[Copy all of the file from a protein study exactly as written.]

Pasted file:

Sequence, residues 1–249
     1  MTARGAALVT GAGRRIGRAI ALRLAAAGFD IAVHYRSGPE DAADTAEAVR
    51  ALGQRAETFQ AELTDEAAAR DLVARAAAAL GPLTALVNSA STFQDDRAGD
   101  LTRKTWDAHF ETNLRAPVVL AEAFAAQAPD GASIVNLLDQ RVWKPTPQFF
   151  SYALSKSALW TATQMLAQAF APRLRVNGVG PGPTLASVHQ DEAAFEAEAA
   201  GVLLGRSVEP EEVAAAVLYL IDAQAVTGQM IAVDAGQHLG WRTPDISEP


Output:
Sequence, residues 1–249
     1  MTARGAALVT GAGRRIGRAI ALRLAAAGFD IAVHYRSGPE DAADTAEAVR
    51  ALGQRAETFQ AELTDEAAAR DLVARAAAAL GPLTALVNSA STFQDDRAGD
   101  LTRKTWDAHF ETNLRAPVVL AEAFAAQAPD GASIVNLLDQ RVWKPTPQFF
   151  SYALSKSALW TATQMLAQAF APRLRVNGVG PGPTLASVHQ DEAAFEAEAA
   201  GVLLGRSVEP EEVAAAVLYL IDAQAVTGQM IAVDAGQHLG WRTPDISEP